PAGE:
HR Insights

President’s Letter

A study conducted by Accenture concluded that global economic growth rates might double by 2035. The reason? The study projects that people will be 40% more productive thanks to advances in artificial intelligence (AI). With another report showing that 83% of organizations worldwide are prioritizing the adoption of AI in their business processes, we could certainly be well on our way.

Developments in AI are moving at a fast pace, and “ordinary” workers are leveraging tools like ChatGPT to perform or support their daily job functions. But as more and more people use AI for work, its shortcomings are becoming painfully obvious.

In this issue of HR Insights, Tricia Watkins discusses some of these shortcomings in her article, “Leave the Job Descriptions to Humans, Not to AI.” Inside, Watkins acknowledges that AI can do many remarkable things. However, she also outlines some of the ways it falls short—especially in human resources. From its inability to reflect the nuances of a job with precise word selection to its lack of emotional range and reflection of company culture, AI isn’t capable of writing a good job description.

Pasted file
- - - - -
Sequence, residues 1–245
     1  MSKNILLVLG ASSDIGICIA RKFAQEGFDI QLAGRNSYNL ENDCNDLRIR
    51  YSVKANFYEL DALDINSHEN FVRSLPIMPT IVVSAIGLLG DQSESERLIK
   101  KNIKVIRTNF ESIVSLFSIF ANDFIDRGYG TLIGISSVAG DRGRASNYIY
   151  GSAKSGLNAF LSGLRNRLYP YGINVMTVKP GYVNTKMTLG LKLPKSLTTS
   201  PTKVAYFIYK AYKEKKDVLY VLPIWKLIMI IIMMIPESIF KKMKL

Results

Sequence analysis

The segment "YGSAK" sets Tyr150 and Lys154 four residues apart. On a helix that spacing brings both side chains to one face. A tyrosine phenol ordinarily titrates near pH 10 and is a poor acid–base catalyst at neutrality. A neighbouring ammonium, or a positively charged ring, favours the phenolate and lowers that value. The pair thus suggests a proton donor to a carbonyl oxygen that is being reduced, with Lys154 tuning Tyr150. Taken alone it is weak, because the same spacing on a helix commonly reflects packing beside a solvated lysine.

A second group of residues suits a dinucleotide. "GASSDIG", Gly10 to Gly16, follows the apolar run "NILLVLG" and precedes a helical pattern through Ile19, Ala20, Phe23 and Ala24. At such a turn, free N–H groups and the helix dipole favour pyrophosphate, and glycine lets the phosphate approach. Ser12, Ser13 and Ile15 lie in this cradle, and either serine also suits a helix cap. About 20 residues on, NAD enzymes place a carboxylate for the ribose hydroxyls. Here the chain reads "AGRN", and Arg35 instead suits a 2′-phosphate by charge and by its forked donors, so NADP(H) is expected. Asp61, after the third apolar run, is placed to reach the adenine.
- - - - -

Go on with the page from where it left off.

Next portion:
At Employment Enterprises, some of our staff does use AI to aid their job functions. It’s a valuable resource to assemble information or automate processes. But it doesn’t (and shouldn’t) complete a project from start to finish. The technology just isn’t there yet.

In human resources, it’s hard to imagine machine learning ever getting there. After all, without the “human” in HR, what is left? AI can’t reflect feelings, culture, or empathy. As developments come about, we might find that AI technology is catching up with us, but for now, it’s best to have the human touch.

“A computer does not substitute for judgment any more than a pencil substitutes for literacy. But writing without a pencil is no particular advantage.” – Robert McNamara

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